The COVID 19 pandemic has served up a number of lessons for us all, with some of these lessons coming at great cost.
This is a remarkable time for businesses. Many will suffer, and some will fail. Most recently, American retail stalwart J.C. Penney declared bankruptcy and will close almost a third of its stores. Scores of businesses will suffer simply because of the type of service they offer. For example, consider hair and nail salons, spas and other businesses that offer personal services. There is simply no way these types of businesses can adapt to this environment.
The Paycheck Protection Program has been of enormous help to some businesses, but others have been excluded for one reason or another. There’s only one course of action that ensures a business can weather hard times, and that’s maintaining a cash reserve. It is those with reserves that will come through the pandemic intact. Every well-run company should build a cash reserve that’s liquid and accessible.
When companies do have plenty of cash and equivalents on the balance sheet, they tend to invest it in low risk vehicles like money market funds, CDs, or liquid, riskless government bonds. These are certainly sensible places to stash cash away, but it comes with a downside. Any investment that protects against loss is highly unlikely to offer any opportunity for gain. Wouldn’t it be grand if there’s a way to have your cake and eat it too?
Let’s take banks as an example. Many banks use bank-owned life insurance (BOLI) as a way to offset benefit costs, post tax-advantaged earnings, maximize investment yields and improve their bottom line. In the simplest terms, the way it works is that banks insure key senior executives. The bank, not the executive, owns the policy. It pays the premiums, owns the cash value, and is the beneficiary of the policy. The insurance generates non-taxable earnings in the amount of the growth in cash surrender value.
What is significant is that this insurance is part of the bank’s Tier 1 capital. From a regulatory point of view, Tier 1 capital is the most important measure a bank’s financial strength because it is composed of core, non-risk capital.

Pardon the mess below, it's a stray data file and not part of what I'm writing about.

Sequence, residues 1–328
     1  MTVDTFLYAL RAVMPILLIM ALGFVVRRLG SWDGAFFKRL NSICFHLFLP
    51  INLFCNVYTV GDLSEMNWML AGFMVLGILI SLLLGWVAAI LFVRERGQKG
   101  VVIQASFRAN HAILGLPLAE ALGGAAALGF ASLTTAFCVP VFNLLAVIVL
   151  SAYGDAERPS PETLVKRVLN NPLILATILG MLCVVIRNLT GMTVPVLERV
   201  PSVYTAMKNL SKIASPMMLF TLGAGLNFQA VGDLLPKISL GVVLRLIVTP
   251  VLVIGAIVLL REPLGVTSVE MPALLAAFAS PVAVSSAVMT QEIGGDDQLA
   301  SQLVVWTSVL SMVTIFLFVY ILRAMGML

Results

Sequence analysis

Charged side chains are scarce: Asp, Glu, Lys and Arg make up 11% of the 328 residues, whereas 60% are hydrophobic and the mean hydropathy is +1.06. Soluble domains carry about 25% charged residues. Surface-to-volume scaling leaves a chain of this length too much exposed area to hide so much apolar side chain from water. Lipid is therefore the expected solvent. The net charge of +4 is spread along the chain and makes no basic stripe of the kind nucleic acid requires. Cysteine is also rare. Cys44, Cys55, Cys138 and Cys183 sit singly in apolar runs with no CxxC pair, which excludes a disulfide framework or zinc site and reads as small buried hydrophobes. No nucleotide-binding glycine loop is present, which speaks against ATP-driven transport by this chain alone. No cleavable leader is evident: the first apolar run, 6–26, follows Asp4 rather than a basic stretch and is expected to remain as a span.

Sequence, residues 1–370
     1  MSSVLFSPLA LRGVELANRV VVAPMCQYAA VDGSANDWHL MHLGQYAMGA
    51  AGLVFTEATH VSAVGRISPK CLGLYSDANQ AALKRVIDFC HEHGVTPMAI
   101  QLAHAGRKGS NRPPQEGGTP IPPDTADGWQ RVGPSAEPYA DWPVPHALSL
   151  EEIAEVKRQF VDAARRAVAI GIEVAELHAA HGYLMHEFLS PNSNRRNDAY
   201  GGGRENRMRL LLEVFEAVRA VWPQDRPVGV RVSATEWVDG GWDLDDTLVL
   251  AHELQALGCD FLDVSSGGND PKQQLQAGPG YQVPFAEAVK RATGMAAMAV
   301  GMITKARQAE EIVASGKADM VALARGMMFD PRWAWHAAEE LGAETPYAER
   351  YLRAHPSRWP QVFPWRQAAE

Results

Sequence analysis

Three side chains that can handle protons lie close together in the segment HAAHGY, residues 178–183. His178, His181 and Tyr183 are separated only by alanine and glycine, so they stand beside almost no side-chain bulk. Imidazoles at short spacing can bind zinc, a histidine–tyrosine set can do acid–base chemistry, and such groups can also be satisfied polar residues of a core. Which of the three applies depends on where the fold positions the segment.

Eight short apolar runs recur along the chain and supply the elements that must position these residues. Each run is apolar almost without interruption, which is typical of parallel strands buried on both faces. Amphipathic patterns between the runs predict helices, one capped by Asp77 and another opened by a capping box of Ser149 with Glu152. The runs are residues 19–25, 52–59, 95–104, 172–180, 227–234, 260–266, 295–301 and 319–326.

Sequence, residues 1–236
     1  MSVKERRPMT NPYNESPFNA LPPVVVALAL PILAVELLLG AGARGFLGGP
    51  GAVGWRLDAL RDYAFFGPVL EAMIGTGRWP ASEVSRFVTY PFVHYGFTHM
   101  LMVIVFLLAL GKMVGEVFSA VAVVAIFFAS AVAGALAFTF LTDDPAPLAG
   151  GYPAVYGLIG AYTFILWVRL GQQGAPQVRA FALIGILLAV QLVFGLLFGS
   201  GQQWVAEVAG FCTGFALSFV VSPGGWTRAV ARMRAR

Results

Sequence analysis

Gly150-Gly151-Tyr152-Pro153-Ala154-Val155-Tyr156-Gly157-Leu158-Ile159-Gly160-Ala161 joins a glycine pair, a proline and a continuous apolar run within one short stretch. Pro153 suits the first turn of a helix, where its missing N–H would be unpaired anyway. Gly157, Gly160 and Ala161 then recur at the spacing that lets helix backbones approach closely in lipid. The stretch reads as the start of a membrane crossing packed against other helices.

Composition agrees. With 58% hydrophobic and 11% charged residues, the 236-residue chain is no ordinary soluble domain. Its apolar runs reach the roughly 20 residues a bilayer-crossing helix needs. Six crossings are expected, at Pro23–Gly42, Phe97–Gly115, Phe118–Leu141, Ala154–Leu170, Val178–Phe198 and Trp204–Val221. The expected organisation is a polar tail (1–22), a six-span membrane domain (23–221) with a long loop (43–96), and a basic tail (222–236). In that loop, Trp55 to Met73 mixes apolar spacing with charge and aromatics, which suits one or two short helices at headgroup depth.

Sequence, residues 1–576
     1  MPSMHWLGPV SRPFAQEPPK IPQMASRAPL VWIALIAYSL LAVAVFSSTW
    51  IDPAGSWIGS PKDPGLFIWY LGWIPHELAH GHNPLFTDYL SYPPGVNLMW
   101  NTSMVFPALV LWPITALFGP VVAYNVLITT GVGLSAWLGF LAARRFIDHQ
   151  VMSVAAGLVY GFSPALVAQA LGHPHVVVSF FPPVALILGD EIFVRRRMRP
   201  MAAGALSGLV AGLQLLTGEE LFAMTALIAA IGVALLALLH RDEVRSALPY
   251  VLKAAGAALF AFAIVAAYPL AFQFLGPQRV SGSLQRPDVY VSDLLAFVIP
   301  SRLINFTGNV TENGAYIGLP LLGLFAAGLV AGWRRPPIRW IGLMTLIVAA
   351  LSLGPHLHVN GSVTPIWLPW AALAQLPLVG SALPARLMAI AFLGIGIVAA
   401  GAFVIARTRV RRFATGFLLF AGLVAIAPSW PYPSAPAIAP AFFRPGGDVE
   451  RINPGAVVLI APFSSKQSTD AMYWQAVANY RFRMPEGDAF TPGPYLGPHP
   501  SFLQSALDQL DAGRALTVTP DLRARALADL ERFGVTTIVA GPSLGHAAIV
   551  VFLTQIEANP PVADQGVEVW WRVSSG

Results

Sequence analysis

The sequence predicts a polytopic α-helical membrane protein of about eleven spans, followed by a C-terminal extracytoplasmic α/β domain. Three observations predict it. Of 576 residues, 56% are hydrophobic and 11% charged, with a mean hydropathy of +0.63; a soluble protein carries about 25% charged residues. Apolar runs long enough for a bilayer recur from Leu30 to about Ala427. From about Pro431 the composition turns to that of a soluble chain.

So what conclusion can we draw? If a whole or universal life policy is considered non-risk capital by a bank, which is subject to stringent regulatory constraints, it could certainly be a safe and effective investment for companies who want to manage their cash reserves.
Companies can pursue the same type of strategy that banks do. For example, a firm might purchase life insurance on senior executives such as the CEO, COO, and CFO. By purchasing a whole life or universal life policy, they can protect their principle while enjoying upside potential. Cash value accumulates at a minimum guaranteed rate, and that rate will exceed rates on money market funds, CDs and other non-risk investments used as cash equivalents. Cash reserves are deployed much more effectively in this way and grow with the cash value of the policy.
Insurance companies, like banks, are financial intermediaries, but are regulated differently and subject to different types of risks. While insurance companies are subject to interest rate risk, their liabilities tend to be long term. Banks, however, given their integral role in the financial system and the fact that their liabilities are largely in the form of deposits, always face the risk of runs by depositors in times of financial uncertainty. Insurance companies are not subject to this type of risk. Moreover, insurance companies often match their liabilities to fixed income investments and are therefore not so vulnerable to extreme volatility in the financial markets.
Companies that choose to invest reserves in life insurance can enjoy returns on their investment over time as well as the liquidity that comes with the ability to takes loans against cash value, make withdrawals or even surrender their policies for cash value. There are few better ways to ensure the safety of company reserves while continuing to build value.